Thousands rally in ex-Soviet Georgia demanding snap polls

Tbilisi (AFP) –


Thousands of opposition supporters rallied Sunday in ex-Soviet Georgia to demand a snap vote after the opposition accused the ruling party of rigging tightly contested parliamentary elections.

The ruling Georgian Dream party led by billionaire ex-prime minister Bidzina Ivanishvili -- which won the October 31 polls with a two-percent margin -- has flatly denied the accusations of electoral fraud.

But all of Georgia's opposition parties have refused to enter the new parliament, sparking fears of another political crisis in the Caucasus nation where elections are often followed by accusations of fraud and mass demonstrations.

The main thoroughfare of the capital Tbilisi turned into a sea of Georgia's red-and-white five-cross flags as protesters gathered outside parliament, many wearing masks against the coronavirus.

"What Georgian Dream did during the elections amounts to a coup, we will force them to call new polls," said one of the demonstrators, 33-year-old pharmacist Theona Lanchava.

Pensioner Givi Baramidze, 70, said the elections were "the last straw" for Georgian Dream and it was time "to sweep them out".

In an unprecedented show of unity before the vote, the country's main opposition force, exiled former president Mikheil Saakashvili's United National Movement (UNM), agreed with smaller opposition groups to form a coalition government if elected.

"We demand the replacement of the totally discredited electoral administration and the holding of a fresh vote," one of the UNM's leaders, Salome Samadashvili, told AFP on Sunday.

"This would allow for maintaining stability in the country," she said.

Several thousand opposition supporters also rallied in the Black Sea city of Batumi to call for a new vote.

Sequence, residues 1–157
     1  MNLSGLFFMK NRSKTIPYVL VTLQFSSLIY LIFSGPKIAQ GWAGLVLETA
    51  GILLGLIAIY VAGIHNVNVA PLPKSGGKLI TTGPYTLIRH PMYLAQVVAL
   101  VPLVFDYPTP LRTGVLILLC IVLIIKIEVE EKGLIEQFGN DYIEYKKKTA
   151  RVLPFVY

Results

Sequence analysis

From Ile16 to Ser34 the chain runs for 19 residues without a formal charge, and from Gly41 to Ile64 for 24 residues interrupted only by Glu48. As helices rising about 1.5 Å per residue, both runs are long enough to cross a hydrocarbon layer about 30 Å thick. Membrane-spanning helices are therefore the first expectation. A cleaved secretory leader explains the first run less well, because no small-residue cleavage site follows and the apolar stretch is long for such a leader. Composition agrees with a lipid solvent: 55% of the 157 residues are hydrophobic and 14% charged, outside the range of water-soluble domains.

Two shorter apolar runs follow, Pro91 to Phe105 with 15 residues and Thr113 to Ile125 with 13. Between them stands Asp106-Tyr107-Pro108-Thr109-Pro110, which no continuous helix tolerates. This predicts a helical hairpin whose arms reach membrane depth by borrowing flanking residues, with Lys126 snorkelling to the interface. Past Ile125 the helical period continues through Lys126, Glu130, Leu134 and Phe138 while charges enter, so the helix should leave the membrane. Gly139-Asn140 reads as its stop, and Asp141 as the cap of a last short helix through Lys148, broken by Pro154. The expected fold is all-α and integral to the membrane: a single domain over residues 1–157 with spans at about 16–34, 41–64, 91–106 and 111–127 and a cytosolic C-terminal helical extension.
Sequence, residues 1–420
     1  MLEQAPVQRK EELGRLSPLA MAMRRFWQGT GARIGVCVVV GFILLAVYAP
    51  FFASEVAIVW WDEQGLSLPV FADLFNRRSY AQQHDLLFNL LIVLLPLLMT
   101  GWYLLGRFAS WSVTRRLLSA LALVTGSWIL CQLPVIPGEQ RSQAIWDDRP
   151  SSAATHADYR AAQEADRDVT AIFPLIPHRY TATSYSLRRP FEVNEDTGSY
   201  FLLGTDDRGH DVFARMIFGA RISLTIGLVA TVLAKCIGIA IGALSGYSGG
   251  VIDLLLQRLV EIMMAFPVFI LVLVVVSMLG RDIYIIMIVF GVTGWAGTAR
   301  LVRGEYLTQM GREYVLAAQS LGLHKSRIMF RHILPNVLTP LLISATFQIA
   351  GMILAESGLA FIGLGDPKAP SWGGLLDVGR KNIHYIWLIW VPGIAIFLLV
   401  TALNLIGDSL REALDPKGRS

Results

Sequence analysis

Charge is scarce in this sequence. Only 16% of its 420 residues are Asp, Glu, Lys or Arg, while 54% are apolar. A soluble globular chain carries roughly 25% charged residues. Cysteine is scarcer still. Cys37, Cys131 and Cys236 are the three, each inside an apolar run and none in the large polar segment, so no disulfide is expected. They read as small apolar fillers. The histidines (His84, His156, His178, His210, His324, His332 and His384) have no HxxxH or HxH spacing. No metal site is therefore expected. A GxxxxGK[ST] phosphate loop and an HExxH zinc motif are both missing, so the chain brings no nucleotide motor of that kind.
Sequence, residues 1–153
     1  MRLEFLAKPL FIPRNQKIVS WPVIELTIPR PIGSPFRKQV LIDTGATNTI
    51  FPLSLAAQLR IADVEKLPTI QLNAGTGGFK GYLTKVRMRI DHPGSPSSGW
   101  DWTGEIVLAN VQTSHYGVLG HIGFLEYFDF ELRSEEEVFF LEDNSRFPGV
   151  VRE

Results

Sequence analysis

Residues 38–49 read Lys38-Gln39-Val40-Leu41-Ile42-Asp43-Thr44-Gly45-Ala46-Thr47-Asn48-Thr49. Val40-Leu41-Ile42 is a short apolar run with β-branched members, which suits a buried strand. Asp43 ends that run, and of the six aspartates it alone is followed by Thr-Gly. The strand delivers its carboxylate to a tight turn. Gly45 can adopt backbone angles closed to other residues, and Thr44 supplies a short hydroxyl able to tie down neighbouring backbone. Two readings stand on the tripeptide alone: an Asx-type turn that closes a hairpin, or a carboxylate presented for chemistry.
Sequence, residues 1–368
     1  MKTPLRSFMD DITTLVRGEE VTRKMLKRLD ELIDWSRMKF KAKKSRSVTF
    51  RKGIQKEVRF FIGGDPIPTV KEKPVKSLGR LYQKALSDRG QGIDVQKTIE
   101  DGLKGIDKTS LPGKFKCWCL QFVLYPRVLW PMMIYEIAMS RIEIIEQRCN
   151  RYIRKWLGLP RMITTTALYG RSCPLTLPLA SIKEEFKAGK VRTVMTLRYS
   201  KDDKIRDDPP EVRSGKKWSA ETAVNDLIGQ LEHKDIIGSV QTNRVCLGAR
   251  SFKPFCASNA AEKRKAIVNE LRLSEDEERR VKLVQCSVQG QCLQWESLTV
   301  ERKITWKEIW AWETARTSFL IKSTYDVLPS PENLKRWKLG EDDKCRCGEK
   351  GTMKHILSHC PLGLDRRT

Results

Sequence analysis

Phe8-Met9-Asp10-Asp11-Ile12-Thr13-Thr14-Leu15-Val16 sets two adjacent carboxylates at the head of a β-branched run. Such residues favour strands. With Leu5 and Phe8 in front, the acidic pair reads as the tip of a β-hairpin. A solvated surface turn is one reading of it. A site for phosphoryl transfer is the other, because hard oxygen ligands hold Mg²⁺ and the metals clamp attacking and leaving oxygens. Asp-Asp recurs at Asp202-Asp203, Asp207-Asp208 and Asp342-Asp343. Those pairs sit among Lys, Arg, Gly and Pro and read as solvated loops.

- 'Failed to meet democratic standards' -

Prime Minister Giorgi Gakharia has said the elections marked an "important milestone in Georgia's democratic development" and criticised the opposition for staging mass rallies during the coronavirus pandemic.

"We will not allow some power-thirsty politicians who pursue their narrow political interests to destroy the country," he said in a statement ahead of Sunday's rally.

Gakharia, who has tested positive for the virus, has been in self-isolation for a week and announced a night curfew starting Monday.

Georgia has seen a rapid daily increase in new virus cases after it lifted in September a lockdown aimed at containing the spread of the disease.

International monitors from the Organisation for Security and Cooperation in Europe (OSCE) said the vote was "far from flawless" but that "fundamental freedoms were respected".

Local election observers reported numerous cases of ballot stuffing, multiple voting and doctoring of results.

"The Georgian government has failed to meet democratic standards during the elections," 27 rights groups said in a joint statement.

The United States and European Union have called for a "credible and inclusive legal process for remedying substantiated electoral violations."

- Darling of the West -

The electoral commission has yet to formalise early results that showed Georgian Dream had won 48 percent of the proportional vote, against 46 percent for opposition parties.

The proportional vote decides 120 of the 150 seats in the legislature.

With another 30 seats to be assigned in single-mandate constituencies requiring up to two rounds of voting, the final makeup of the new parliament may only become clear in late November.

Georgia became a darling of the West after Saakashvili came to power in the 2003 peaceful Rose Revolution and instituted reforms to boost democratic institutions and battle corruption.

In power since 2012, Georgian Dream has seen its popularity fall due to discontent over its failure to address economic stagnation and perceived backsliding on commitments to democracy.

Critics accuse the country's richest man Ivanishvili -- who is widely seen to be calling the shots in Georgia -- of persecuting political opponents and creating a corrupt system where private interests permeate politics.